However, such security measures become more complex and harder to manage as more parties are involved, such as multiple libraries and content providers. Federated identity systems through trust frameworks are again a solution to consider when data is shared among multiple stakeholders.
Personal information has a lifecycle, just like records, and must be destroyed on a timely basis in a secure and privacy-protective manner. Personal information should also not be replicated in multiple databases to avoid the existence of excessive copies, which might not get destroyed simultaneously. In the BYOI model, the authoritative source for private information is an individual’s personal cloud, and a “subscription” model can be used to provide others with access. The individual retains control over when to delete data or turn off access.
Visibility and Transparency – Keep It Open
“Privacy by Design seeks to assure all stakeholders that whatever the business practice or technology involved, it is in fact operating according to the stated promises and objectives, subject to independent verification. Its component parts and operations remain visible and transparent, to users and providers alike. Remember— trust but verify!”
The only way that users will have a real sense of control over their private information is with full transparency and understanding of how their personal data will be accessed, used, and shared by anyone who is party to it. As previously noted, a user-centric trust framework is the recommended method for such transparency and understanding. Because their terms and conditions are publicly reviewed and published and all members agree to follow them, trust networks can establish a community’s best practices for privacy. Inter- library and third-party audits are one method of verifying and enforcing the trust’s policies are being followed.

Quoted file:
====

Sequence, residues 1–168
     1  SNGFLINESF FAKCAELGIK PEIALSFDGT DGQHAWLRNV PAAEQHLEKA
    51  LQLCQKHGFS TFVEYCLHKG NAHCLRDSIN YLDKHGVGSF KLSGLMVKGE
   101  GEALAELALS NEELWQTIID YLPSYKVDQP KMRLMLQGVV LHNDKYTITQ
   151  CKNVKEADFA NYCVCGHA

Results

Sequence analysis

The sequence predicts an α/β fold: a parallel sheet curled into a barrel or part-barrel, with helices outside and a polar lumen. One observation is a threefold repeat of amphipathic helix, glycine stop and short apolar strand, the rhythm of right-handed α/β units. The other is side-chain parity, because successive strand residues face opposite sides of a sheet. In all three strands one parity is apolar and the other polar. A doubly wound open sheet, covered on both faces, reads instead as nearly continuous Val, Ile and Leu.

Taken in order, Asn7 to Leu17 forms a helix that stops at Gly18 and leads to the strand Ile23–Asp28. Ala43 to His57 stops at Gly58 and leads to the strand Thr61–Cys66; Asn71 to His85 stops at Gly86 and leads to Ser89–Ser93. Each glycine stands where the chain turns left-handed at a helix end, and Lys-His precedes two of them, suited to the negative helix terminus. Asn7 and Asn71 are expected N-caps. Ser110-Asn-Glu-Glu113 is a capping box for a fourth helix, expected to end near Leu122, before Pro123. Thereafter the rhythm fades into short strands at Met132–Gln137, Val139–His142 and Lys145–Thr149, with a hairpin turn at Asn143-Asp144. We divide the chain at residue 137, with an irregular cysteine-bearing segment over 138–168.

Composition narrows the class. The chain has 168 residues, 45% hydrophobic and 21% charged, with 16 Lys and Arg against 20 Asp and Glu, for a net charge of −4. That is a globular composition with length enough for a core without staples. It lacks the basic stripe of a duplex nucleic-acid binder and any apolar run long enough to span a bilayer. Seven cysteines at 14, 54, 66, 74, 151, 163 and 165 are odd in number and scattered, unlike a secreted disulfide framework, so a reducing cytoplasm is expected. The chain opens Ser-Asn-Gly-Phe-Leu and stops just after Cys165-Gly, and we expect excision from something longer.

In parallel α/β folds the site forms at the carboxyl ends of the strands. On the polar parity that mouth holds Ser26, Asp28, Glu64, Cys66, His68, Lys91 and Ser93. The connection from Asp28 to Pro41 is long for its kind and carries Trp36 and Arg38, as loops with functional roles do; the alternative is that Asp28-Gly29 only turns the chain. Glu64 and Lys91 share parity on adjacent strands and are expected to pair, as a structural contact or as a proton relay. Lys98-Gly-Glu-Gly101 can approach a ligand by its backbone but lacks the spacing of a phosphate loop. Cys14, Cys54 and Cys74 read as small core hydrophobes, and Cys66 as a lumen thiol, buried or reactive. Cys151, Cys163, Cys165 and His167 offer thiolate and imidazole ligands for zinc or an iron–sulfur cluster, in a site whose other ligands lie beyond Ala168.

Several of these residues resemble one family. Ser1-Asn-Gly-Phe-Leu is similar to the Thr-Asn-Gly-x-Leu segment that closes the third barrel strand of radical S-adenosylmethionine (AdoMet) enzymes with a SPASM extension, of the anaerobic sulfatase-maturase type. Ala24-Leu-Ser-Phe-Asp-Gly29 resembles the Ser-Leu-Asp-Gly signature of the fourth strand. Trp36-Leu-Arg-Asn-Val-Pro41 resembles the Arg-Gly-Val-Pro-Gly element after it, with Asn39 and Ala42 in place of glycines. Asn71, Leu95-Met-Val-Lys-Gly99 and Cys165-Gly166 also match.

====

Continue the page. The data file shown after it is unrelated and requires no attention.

Respect for User Privacy – Keep It User-Centric
“Privacy by Design requires architects and operators to keep the interests of the individual uppermost by offering such measures as strong privacy defaults, appropriate notice, and empowering user-friendly options....At its core, respecting the user means that, when designing or deploying an information system, the individual’s privacy rights and interests are accommodated right from the outset. User-centricity is anticipating and designing in a person’s privacy perceptions, needs, requirements, and default settings. It means putting the interests, needs, and expectations of people first, not those of the organization or its staff. Empowering people to play active roles in the management of their personal data helps to mitigate abuses and misuses.”
Libraries also can adopt user-centricity as an operating principle. For various use cases they can offer users the convenience and control of BYOI (or a secure institutional identity), the protection of a user-centric trust framework, the option to use either pseudonymous or public identifiers, and the ability to share personal data under contracts that bind relying parties to de-identify the data.
The library industry, in seeking to become a network of scholarship, research, collaboration, and knowledge amidst oceans of uncurated Internet information, should adopt Privacy By Design into its core guidelines. Not only will Privacy by Design improve compliance postures, it can also be good for growing the evolving roles of libraries in information discovery and delivery. By taking a proactive approach to preventing privacy infractions, setting privacy as the default, and maintaining transparent, user-centric identity and privacy policies, libraries can find positive-sum solutions for participating institutions, partners, and patrons.
Dan Blum (firstname.lastname@example.org) is Chief Security and Privacy Architect with Respect Network and author of the blog Security Architect (http://security-architect.blogspot.com/). He is dedicated to addressing security and identity management issues from the enterprise, individual, and social perspectives.